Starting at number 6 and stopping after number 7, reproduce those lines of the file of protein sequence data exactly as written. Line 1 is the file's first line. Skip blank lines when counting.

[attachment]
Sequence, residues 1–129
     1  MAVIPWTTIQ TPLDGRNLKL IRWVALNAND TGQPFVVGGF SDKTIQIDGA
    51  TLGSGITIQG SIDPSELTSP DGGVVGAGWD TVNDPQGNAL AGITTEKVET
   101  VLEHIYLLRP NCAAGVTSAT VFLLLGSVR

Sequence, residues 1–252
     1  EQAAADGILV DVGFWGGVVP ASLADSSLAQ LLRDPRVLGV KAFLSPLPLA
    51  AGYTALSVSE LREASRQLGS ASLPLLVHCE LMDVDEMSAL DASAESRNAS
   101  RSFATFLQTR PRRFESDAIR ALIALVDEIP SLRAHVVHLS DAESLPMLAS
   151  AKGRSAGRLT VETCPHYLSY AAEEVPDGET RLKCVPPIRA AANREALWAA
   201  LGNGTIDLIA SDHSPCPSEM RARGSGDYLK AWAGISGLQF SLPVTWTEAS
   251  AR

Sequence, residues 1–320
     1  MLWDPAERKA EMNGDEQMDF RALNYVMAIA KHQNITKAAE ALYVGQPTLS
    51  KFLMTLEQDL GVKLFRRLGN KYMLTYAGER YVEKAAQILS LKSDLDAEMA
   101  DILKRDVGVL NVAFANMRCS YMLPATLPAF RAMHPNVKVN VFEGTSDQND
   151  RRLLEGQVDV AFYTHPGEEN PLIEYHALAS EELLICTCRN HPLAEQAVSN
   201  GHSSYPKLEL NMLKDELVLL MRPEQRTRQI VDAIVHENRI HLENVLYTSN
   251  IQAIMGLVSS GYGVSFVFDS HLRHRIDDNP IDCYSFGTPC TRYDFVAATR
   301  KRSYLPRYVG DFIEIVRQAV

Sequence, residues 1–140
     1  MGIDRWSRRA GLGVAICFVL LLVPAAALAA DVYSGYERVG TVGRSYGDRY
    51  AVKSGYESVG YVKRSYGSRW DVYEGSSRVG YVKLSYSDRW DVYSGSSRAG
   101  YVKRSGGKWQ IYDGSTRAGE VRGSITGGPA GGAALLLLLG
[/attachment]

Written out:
     1  EQAAADGILV DVGFWGGVVP ASLADSSLAQ LLRDPRVLGV KAFLSPLPLA
    51  AGYTALSVSE LREASRQLGS ASLPLLVHCE LMDVDEMSAL DASAESRNAS